But, as the critics of Ontario’s corrections system point out, this jail is in our very own backyard.

Right here in east-end Toronto, prisoners live with vermin, overflowing toilets and the same all-encompassing stench of human excrement that knocks you off your feet when you walk into Vieira Ferreira Neto prison, not far from Rio’s Copacabana beaches, where the tourists romp.

One prisoner at the Don talked about being “peed on.” Happens all the time.

“We Canadians view ourselves as a just society and we like to think of ourselves that way,” says Richard Coleman, co-ordinator for Toronto’s drug treatment court and a veteran counsellor of Don jail inmates.

“But we’ve become a very hard-edged people, and it’s been coming on for many years now.”

We are, he adds, “punishing people in the most brutal ways imaginable.

“It is social science gone horribly wrong, because the reality is that the criminal justice system was created to reform, not merely to punish.”

Father Barry McGrory, a retired Catholic priest and volunteer at the Don jail, says he weeps to see such “devastation of the weakest” in our society.

“They are still human beings,” he says. “They are not people from Mars. I hear heartbreaking stories from these men, and the thing of it is, we, any one of us, could end up in that place.”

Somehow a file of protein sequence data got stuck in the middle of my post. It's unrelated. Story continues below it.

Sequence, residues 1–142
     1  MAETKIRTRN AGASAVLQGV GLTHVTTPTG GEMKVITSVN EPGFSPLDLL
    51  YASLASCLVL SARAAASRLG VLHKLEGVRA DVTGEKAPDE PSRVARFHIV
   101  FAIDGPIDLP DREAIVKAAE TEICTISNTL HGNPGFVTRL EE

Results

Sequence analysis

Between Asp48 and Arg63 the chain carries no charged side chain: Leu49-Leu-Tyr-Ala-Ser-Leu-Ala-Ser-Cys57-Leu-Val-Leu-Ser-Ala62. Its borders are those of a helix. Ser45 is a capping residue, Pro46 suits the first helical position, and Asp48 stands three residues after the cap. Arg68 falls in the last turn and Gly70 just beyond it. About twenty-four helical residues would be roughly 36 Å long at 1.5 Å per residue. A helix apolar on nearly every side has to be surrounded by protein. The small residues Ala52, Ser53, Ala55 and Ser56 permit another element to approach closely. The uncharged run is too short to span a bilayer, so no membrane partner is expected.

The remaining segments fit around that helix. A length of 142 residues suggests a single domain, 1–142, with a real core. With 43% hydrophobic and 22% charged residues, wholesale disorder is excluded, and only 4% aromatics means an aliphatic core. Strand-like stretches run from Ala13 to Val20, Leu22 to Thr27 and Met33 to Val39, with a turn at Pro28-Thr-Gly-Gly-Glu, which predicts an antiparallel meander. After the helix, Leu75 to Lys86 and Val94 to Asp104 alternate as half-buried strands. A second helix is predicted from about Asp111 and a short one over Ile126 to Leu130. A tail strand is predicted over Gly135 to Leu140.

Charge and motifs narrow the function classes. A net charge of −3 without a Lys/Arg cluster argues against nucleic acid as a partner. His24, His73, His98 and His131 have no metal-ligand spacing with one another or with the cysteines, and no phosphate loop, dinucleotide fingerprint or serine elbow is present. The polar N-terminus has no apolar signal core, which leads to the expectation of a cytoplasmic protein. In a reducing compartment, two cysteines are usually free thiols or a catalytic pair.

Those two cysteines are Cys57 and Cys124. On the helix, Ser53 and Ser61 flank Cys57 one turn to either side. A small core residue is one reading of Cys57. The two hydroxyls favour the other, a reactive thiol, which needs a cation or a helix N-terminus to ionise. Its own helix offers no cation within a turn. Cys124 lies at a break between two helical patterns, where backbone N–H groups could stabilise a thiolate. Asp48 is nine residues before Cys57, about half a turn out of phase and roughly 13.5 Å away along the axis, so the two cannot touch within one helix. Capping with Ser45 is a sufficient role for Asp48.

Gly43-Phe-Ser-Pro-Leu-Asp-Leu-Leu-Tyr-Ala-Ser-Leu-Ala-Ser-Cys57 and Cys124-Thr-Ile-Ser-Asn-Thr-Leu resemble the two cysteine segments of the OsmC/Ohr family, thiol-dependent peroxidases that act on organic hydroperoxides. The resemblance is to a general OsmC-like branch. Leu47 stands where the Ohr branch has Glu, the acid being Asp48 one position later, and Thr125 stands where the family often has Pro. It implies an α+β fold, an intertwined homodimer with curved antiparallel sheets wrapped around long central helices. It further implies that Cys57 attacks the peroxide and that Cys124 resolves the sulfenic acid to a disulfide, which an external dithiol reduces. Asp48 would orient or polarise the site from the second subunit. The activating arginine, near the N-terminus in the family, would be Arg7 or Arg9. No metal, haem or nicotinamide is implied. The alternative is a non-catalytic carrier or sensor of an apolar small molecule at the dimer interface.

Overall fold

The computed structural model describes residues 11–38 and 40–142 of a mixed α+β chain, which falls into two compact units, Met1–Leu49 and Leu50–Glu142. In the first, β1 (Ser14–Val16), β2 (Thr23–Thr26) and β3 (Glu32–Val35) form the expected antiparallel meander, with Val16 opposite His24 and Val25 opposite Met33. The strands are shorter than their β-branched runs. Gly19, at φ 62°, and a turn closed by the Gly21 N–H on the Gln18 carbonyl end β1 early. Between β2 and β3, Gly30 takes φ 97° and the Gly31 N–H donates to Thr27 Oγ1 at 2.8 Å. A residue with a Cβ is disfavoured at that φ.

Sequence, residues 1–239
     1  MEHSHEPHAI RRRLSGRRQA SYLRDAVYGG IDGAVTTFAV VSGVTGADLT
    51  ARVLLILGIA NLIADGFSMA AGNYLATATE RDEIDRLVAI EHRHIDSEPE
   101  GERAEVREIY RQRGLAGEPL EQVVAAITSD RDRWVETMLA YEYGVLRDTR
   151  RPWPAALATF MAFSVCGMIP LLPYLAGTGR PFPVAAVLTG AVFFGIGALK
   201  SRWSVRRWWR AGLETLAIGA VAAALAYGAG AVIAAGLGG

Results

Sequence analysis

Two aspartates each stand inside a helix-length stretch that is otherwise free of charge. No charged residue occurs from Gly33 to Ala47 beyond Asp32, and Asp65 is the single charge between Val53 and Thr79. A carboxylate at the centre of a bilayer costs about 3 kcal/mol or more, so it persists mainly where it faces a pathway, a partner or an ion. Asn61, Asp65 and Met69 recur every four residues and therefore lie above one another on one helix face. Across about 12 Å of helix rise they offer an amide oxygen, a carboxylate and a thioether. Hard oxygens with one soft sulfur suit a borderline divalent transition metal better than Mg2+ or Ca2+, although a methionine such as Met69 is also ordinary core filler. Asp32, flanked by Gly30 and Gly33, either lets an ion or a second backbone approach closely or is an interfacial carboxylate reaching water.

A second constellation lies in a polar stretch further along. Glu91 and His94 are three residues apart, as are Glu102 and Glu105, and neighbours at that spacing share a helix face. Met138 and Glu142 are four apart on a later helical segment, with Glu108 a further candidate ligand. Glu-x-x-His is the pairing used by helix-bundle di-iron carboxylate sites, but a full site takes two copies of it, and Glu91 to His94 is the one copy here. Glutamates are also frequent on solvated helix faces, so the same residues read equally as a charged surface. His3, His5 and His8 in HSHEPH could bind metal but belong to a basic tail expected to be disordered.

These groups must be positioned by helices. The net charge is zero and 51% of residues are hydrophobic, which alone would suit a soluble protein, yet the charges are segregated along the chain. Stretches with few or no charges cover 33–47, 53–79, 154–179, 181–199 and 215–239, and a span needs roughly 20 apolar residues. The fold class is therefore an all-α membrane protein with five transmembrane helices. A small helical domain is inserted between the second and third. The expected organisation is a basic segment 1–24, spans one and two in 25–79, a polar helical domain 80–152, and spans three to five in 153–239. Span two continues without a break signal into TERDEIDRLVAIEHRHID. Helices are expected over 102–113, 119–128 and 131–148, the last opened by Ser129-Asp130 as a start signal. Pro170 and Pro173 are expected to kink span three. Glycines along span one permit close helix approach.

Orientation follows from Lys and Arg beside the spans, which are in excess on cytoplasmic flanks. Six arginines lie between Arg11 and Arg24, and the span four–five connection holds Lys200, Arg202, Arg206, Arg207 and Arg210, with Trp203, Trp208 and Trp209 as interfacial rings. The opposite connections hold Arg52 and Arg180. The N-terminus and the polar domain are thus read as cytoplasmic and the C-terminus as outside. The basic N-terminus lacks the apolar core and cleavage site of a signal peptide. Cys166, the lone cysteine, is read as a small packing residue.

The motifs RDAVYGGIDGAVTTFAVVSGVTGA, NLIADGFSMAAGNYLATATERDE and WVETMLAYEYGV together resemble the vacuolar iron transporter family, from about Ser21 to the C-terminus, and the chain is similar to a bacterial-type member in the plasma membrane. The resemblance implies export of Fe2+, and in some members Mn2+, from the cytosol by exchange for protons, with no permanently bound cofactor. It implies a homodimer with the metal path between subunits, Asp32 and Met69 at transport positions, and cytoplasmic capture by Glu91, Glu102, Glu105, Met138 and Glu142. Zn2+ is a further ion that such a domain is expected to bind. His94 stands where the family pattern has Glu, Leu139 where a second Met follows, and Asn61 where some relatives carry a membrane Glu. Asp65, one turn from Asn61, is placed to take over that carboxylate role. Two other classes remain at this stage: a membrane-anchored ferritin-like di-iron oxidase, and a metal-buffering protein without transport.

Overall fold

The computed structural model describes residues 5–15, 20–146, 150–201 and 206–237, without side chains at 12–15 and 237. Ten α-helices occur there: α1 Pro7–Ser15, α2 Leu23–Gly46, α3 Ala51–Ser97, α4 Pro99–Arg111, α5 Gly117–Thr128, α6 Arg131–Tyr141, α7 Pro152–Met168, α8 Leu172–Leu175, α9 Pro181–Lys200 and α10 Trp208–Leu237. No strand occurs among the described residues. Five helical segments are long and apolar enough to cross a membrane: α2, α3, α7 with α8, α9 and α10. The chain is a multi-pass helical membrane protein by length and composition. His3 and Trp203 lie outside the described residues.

He, like Coleman, bristles at what he views as hypocrisy. He cringes at the comfortable Canadian notion that things are so much better for everyone here than in the Third World.

“I hate it when people say, `Oh, they should go and see what bad conditions really are. Go to the Third World,”’ he says. “How much worse can it get for a prisoner than in the Don?”

For me, the cold-shower realization of the many ways in which, like it or not, Toronto wears aspects of the worst of the Third World has been the hardest part of my transition back to Canada, and home.

It was one thing to walk into a prison in Brazil and chronicle horrible conditions in somebody else’s country for readers of the Toronto Star.

But it was a shock to see it in my own.

And we’re not just talking about conditions in the Don jail.